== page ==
• Consonants & Vowels,  Orton Coaching Videos,  Tools

    Orton Gillingham Coaching: Let’s Talk About the “Hearing-It” in Multi-Sensory. Using Phonemic Awareness in Lessons.

    We talk about Orton Gillingham being multi-sensory. Multi-sensory means we want students of OG to hear the language (auditory), see the language (visual) and use the language as kinesthetic (feel/write). When we combine these three prongs we get a multi-sensory approach, meaning all of these senses are being used by a student to learn.  The auditory portion of the multi-sensory approach often gets put on the back-burner to the “writing it” and “see it” because it is easier to go through the cards or do a worksheet, but “hearing it” is one of the most important parts of Orton Gillingham. Auditory exercises should be a part of every lesson and…

  • Consonants & Vowels,  Orton Coaching Videos

    Orton Gillingham Coaching: Short Vowels & Strategies for Teaching Them

    For our Reading Vowels, we start with short vowels. We have a short vowel deck with pictures to help students associate these first letter sounds with pictures. Watch to learn more tools and teaching strategies for short vowels. Links from Video: Links: Scope & Sequence Workbooks (these workbooks contain the mini-cards from the video): https://bit.ly/2YN0XDP Link to Magnet Sheets (if you want to make magnet cards/strips): https://amzn.to/3lMPD2y Link to White Board in video: https://amzn.to/3zxk1CL Link to Paper to make Cards: https://amzn.to/3EKC3We Drill Card Template (you can make drill cards on your computer): https://bit.ly/3Eb3LuO About Short Vowels Dialect Can Affect Sound The order in scope and sequence of short vowels is…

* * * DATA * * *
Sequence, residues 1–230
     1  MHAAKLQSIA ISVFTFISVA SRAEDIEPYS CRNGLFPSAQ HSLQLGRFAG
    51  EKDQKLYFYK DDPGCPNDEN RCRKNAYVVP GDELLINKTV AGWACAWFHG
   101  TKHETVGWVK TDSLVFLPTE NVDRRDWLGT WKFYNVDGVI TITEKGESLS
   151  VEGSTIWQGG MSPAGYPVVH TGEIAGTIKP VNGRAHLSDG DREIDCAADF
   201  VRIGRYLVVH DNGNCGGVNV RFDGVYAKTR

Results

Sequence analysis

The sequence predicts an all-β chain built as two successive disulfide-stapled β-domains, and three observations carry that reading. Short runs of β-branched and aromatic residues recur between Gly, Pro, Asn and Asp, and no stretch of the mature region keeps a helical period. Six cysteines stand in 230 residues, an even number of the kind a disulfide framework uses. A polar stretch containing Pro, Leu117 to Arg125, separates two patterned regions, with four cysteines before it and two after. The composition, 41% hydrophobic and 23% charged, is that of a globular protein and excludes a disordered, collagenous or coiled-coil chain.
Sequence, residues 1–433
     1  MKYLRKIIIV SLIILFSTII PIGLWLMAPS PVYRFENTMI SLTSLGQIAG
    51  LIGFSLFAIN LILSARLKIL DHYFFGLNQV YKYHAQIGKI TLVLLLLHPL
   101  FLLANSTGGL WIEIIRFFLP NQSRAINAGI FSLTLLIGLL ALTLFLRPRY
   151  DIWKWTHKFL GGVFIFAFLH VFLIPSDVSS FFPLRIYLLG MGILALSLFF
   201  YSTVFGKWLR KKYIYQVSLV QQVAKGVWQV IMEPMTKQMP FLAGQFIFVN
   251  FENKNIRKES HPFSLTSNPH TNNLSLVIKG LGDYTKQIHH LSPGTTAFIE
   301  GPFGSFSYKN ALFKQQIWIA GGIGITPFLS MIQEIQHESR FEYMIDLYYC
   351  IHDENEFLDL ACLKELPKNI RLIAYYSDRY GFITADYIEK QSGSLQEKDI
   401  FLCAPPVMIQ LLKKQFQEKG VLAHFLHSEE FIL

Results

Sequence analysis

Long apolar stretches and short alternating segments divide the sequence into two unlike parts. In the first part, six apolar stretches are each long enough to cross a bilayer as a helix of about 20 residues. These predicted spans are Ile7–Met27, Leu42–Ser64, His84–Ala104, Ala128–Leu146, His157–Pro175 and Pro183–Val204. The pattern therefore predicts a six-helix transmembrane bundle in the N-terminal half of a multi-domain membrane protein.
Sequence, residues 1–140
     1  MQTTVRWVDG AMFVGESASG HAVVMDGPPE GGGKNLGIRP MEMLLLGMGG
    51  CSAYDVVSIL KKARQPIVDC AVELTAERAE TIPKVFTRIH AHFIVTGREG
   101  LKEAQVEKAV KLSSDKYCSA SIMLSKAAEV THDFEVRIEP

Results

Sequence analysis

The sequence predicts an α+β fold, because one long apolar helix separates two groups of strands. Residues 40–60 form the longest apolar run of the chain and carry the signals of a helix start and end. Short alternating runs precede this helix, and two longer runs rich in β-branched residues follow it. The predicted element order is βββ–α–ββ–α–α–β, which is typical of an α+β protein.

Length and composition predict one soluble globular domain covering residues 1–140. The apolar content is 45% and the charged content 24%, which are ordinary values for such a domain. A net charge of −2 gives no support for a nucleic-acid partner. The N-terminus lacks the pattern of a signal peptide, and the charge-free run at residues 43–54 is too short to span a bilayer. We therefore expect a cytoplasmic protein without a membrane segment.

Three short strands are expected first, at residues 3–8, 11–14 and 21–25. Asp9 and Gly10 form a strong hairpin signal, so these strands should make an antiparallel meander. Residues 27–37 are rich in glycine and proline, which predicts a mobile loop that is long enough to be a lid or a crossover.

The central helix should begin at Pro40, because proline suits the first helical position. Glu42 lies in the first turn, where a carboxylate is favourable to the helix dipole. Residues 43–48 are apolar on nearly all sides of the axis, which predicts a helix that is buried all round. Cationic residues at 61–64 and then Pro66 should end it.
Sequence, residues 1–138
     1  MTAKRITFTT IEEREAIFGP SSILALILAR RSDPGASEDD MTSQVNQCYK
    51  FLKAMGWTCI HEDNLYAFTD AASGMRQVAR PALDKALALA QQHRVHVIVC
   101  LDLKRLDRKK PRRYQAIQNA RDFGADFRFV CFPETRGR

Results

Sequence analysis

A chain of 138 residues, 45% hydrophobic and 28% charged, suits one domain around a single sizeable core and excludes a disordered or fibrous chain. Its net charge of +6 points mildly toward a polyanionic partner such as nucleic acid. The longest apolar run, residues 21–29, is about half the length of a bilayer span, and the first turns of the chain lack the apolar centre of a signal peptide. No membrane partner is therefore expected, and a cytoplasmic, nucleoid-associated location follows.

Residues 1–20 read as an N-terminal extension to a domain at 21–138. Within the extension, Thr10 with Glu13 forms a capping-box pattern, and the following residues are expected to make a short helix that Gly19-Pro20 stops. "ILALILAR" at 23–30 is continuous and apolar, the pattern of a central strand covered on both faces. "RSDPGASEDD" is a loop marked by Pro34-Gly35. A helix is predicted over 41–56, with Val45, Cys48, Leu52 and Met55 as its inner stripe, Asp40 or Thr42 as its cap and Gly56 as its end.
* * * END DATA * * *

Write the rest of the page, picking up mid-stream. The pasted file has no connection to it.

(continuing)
• Consonants & Vowels,  Orton Coaching Videos

    Orton Gillingham Coaching: Get to Know the Reading Consonant Deck

    The Reading Consonant Deck is the first deck used in Orton Gillingham. This video explains the whole deck — going through each card and key words. Get to know this deck! And be sure to check out the links below. There is a free template for creating your own card decks. Link to FREE Card Template: https://bit.ly/3Eb3LuO Link to Scope & Sequence Workbooks (these books contain mini-cards to cut out and use): https://bit.ly/2YN0XDP More Workbook resources: https://bit.ly/3llnvDp Go to YouTube to SUBSCRIBE to my channel!

  • Consonants & Vowels,  Spelling,  Vowel Teams